A house is not a machine to live in... Not only its visual harmony but its entire organization, all the terms of the work, combine to render it human in the most profound sense.
Unique Stool from Tempe à Pailla
The stool presented here is one of three variations, all unique. One version is in the Musée des Arts Decoratifs, and another is in a private collection in Paris. The version presented here is one of two Gray chose to live with, at Tempe à Pailla and later in her apartment on rue Bonaparte.
Eileen Gray was born in 1878 to an aristocratic Anglo-Irish family, studied art in London and then in Paris, where she settled for the rest of her life, living in an apartment on rue Bonaparte until her death in 1976. She won lasting fame as a designer of exclusive furniture, interiors and architecture; her 1919 Dragon chair was acquired by Yves Saint Laurent and sold at auction in 2009 for $28.3 million, a world record for 20th century decorative art.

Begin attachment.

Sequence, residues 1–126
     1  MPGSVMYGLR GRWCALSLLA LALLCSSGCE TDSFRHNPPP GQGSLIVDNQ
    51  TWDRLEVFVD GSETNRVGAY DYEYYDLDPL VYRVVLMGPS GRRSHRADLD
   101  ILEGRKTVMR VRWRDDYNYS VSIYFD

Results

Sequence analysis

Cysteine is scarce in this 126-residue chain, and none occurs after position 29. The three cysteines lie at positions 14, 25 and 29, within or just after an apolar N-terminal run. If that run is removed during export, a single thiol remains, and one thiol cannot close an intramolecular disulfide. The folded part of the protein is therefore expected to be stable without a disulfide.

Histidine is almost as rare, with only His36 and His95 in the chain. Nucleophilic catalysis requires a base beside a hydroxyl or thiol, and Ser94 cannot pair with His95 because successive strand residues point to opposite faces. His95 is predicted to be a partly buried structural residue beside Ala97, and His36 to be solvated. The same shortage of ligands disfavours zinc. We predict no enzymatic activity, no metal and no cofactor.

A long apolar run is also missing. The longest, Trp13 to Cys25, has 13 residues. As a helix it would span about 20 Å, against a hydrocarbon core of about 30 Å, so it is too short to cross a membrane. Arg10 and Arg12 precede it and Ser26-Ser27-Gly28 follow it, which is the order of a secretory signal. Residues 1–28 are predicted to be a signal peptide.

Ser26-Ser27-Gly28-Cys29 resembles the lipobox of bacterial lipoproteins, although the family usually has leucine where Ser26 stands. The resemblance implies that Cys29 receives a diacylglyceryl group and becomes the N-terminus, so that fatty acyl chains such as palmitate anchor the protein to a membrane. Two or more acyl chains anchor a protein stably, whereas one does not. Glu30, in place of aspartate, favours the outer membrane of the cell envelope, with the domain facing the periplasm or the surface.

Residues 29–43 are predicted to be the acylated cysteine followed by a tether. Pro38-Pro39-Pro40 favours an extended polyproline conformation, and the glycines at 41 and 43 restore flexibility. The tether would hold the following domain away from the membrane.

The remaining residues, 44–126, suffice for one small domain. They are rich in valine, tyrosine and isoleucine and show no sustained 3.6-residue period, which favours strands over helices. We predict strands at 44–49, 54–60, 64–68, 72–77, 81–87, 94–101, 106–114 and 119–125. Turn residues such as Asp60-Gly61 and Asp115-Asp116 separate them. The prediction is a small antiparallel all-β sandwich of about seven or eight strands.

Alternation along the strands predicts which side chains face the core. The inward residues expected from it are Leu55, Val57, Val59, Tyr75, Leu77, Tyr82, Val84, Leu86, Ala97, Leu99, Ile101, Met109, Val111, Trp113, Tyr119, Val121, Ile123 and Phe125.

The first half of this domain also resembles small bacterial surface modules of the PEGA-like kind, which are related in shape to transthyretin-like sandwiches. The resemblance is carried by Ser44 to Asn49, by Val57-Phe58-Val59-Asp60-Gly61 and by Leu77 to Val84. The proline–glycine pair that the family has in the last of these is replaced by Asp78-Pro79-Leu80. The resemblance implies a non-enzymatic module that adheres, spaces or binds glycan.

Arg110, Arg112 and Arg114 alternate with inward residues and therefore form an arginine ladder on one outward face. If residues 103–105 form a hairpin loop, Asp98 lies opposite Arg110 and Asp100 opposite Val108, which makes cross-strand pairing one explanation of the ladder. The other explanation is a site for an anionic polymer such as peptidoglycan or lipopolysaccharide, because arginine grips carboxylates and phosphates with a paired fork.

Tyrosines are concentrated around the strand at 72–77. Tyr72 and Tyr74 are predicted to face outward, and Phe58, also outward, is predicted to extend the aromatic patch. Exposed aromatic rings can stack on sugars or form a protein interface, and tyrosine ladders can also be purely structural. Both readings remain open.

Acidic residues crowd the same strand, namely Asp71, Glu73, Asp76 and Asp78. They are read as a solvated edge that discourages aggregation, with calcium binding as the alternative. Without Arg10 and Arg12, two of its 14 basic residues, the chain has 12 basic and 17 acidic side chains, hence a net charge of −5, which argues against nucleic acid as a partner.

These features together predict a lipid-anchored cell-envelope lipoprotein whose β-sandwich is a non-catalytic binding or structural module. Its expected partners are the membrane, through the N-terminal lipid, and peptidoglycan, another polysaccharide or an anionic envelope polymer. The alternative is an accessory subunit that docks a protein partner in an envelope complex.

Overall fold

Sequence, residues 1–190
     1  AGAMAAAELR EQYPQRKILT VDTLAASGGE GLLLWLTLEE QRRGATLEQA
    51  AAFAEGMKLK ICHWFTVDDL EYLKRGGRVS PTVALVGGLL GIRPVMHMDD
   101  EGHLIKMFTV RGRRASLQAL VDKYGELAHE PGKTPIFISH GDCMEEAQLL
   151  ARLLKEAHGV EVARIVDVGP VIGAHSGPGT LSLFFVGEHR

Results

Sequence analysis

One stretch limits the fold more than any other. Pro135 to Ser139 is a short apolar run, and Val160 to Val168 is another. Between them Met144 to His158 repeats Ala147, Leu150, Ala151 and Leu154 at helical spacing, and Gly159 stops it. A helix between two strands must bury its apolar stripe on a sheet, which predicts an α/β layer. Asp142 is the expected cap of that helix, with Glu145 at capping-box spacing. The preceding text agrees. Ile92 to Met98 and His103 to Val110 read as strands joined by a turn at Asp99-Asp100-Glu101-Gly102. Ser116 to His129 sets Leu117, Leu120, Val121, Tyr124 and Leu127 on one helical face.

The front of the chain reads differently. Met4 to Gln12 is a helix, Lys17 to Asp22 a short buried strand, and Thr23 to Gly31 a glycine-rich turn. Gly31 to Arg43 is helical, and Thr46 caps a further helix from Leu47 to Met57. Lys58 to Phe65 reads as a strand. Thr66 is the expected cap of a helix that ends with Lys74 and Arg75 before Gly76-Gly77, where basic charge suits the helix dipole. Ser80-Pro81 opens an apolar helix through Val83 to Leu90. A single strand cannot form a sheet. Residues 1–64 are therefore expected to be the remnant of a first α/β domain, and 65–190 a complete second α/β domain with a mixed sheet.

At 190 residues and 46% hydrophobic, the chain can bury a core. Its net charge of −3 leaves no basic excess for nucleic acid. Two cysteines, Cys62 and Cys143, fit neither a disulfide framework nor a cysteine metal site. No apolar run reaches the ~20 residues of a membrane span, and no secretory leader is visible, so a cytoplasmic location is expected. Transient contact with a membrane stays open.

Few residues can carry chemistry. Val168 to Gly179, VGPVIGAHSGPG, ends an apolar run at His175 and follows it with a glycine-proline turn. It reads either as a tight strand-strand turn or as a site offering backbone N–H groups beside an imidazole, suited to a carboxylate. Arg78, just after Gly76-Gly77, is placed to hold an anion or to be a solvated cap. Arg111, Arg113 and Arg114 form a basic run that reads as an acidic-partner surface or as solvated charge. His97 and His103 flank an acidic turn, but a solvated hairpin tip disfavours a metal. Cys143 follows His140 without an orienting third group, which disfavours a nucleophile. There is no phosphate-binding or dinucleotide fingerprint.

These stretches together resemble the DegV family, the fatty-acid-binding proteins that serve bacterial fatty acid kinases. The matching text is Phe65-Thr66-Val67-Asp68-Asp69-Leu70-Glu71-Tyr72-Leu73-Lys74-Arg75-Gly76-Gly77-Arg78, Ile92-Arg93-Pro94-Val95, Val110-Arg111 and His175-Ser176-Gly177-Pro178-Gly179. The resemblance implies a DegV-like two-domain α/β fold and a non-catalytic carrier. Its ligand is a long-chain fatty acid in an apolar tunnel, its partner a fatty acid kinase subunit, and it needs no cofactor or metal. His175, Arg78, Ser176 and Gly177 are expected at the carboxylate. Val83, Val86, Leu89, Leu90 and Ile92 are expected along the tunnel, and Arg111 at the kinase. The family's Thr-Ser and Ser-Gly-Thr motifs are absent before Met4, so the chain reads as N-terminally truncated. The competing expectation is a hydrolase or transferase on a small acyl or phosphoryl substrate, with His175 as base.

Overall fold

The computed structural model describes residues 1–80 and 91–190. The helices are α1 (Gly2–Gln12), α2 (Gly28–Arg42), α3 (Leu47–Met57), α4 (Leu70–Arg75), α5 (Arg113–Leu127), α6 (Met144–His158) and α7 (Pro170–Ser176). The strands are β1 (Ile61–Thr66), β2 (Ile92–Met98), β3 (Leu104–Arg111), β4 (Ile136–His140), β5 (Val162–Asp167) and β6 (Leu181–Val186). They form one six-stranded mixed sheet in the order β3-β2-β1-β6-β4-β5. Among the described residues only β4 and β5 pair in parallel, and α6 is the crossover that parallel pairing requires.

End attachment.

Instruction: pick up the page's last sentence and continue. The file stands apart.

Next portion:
This stool is a precious survivor, literally a modernist treasure—for it provides a direct link to the interior that Gray completed, 90 years ago, as an intimate statement on living in a modern way.
By the early 1920s, Gray had taught herself the principles of architecture. She built a legendary white villa for her mentor, the Romanian architect Jean Badovici. Located on the rocky slopes of Cap Martin, overlooking the Mediterranean, she named it E-1027—code for her initials and his. Gray created a total work of art, modest in scale, that embodies the spirit of its era. Le Corbusier was Badovici's guest in 1938 and wrote to Gray: “Those few days spent in your house have made me appreciate that rare spirit that dictates all of its organization, both inside and outside, and has given modern furniture and equipment a form that is so dignified, so charming, and so full of wit.”